"The air whistles in and out between his broken teeth as he lies to [her] face....He runs the tips of his fingers over the exposed skin of [her] shoulders....He smells like wine and sweat, and all [she] want[s] to do is get away from him."
I don't have much to say about the pacing except that it's really good. None of the areas lagged, I wasn't bogged down with too many details nor did I lack the context needed. Bayron did an excellent job in making sure that the story was entertaining while maintaining a steady flow.
The sensory detail was best when it came to describing Cinderella, Morris, and King Manford. One of my favorite descriptions happens during the ball when Sophia talks about how "The air whistles in and out between his broken teeth as he lies to [her] face....He runs the tips of his fingers over the exposed skin of [her] shoulders....He smells like wine and sweat, and all [she] want[s] to do is get away from him."
There are plenty of other things to like about this book, but these are the three that caught my attention.
What, if anything, did you dislike or wish the author would've done differently?
There are only a few things that I wish the author would have done differently in this book. Three of them are character-related, and one is just the overall vibe of the book.
Character Related Items
First, can I just say that I 100 percent loved the character Luke Langley. Seriously, he was such a genuine person and I wish that Bayron would have used him more efficiently. I'm not sure why she cut his presence in the novel short, or why she didn't develop the relationship between him and Sophia more, but I think it was a missed opportunity. I would've liked to see how the story played out if Luke were an additional companion.
The second thing that I wish that she'd done differently was Cinderella's role in the story. For a book titled Cinderella is Dead, I expected Cinderella to make a larger physical presence. Yes, the entire story revolves around her fairy tale, and yes, the scene in the mausoleum where they bring her back to life to discover the truth does feature her as a physical presence, but I felt disappointed that there wasn't more. I guess I was expecting Cinderella's spirit to help guide Sophia on this journey as opposed to the visions that she had. I think it would have added an interesting dynamic to the overall plot.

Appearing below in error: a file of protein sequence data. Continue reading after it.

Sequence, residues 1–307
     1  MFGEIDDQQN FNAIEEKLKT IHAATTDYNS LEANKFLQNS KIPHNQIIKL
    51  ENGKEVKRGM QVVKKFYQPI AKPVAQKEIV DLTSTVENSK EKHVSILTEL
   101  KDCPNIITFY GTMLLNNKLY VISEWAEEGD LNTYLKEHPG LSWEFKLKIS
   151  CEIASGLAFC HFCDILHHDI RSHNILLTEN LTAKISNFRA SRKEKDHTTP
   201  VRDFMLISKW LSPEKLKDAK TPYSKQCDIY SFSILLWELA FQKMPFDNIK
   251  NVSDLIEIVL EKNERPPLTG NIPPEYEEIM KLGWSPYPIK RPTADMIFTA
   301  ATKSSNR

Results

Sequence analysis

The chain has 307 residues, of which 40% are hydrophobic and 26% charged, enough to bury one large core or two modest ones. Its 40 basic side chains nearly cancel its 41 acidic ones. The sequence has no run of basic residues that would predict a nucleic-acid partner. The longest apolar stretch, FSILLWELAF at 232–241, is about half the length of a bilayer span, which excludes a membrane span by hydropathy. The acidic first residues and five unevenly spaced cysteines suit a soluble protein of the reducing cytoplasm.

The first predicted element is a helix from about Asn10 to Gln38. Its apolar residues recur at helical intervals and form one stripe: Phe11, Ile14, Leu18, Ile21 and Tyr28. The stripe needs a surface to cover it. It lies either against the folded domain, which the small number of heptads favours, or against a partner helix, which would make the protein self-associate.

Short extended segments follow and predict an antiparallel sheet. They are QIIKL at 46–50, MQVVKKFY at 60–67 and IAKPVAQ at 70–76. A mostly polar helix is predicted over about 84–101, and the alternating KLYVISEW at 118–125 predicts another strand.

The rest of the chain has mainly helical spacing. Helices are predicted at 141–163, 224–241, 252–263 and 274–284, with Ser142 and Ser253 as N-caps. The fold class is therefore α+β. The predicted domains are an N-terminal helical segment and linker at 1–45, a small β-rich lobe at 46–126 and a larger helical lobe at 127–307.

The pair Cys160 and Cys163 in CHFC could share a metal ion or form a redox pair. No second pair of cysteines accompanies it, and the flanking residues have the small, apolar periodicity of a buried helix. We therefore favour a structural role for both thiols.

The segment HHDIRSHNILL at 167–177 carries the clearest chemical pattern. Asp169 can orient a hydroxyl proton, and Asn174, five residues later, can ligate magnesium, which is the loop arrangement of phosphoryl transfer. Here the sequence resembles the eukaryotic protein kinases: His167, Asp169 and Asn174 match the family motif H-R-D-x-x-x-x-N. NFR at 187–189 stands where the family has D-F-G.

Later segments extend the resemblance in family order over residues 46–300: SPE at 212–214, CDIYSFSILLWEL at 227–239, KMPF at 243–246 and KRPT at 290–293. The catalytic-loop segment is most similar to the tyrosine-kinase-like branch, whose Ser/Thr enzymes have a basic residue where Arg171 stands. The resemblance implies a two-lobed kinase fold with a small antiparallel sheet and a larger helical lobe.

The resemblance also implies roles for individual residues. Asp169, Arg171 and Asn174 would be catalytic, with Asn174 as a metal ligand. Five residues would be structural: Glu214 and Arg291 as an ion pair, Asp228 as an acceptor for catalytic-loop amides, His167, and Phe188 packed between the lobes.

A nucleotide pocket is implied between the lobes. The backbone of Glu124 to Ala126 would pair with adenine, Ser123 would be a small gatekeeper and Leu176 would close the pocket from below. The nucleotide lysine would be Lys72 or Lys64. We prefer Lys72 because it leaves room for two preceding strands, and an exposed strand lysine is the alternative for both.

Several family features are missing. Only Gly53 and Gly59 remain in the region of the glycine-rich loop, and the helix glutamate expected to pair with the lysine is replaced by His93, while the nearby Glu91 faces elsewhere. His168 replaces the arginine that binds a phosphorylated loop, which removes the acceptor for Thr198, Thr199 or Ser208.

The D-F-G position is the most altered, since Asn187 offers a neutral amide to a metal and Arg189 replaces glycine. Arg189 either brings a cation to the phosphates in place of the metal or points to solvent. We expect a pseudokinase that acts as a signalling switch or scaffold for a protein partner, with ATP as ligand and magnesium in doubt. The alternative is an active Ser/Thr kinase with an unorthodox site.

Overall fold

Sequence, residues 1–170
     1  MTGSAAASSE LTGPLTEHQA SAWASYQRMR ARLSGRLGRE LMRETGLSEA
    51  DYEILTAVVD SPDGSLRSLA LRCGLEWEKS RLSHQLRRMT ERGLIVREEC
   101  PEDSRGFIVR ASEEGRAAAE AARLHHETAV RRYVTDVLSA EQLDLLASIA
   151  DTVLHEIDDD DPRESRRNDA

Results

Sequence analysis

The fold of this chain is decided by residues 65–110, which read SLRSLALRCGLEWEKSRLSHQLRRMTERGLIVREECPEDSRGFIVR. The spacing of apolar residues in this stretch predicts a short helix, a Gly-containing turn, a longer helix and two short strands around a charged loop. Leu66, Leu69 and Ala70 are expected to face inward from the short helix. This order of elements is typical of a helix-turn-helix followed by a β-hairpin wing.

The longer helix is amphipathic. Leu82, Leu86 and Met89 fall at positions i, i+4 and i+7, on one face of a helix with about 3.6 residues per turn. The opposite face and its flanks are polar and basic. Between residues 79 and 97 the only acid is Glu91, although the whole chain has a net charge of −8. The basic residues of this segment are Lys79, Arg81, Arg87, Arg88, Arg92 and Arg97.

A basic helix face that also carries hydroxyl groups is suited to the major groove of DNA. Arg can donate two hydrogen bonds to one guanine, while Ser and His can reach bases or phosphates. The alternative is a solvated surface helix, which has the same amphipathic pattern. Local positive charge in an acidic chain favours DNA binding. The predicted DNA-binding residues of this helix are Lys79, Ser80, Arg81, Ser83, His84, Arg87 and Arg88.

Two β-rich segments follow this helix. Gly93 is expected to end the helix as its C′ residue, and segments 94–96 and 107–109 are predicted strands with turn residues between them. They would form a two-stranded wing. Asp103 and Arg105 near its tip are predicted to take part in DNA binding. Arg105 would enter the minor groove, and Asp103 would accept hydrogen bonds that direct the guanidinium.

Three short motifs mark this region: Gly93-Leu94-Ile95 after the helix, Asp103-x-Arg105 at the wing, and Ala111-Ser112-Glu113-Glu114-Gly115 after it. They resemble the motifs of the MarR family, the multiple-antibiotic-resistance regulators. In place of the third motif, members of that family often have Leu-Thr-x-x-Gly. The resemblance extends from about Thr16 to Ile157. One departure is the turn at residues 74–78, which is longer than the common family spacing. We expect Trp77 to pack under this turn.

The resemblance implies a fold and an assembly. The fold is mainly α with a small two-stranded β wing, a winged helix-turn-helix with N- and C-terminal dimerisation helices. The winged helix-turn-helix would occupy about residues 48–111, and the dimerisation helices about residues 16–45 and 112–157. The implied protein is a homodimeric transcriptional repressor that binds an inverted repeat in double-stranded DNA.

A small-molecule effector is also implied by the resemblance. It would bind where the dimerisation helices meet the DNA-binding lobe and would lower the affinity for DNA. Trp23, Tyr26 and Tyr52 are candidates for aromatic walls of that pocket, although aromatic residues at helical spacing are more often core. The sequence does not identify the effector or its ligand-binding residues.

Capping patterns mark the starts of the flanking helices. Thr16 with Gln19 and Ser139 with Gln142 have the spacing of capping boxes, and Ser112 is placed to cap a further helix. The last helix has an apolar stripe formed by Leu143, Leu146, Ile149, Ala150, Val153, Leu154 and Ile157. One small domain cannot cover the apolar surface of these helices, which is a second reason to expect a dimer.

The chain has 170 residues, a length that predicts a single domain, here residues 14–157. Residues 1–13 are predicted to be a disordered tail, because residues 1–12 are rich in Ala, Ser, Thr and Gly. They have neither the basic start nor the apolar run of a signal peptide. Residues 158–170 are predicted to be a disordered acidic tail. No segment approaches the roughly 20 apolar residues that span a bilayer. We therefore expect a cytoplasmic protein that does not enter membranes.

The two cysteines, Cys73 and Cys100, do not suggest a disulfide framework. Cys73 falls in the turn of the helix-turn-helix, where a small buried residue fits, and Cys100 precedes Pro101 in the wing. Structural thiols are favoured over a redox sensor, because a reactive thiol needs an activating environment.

I love a good love triangle as much as anyone, but I'm not sure that I understood the purpose of the one between Sophia, Constance, and Erin. It seemed unnecessary to me, especially because the story would have been just as well-written, if not better, if Sophia's thoughts had only been preoccupied with one or the other. When reading, it's obvious that Sophia cares about Erin, that she loves her even, but there isn't enough interaction between the two of them to make me think that they should be together. After all, Sophia spends most of the book with Constance. So, to me, it would have made more sense to have Constance be the object of Sophia's love and have Erin be the best friend that helped Sophia discover that she liked girls.
The last thing that I would have changed about the story was how in your face the message of "down with the patriarchy" was. This one is kind of difficult to list as a con because I can see both sides of the argument. As a writer, it's difficult not to let your own world views and biases sink into your work.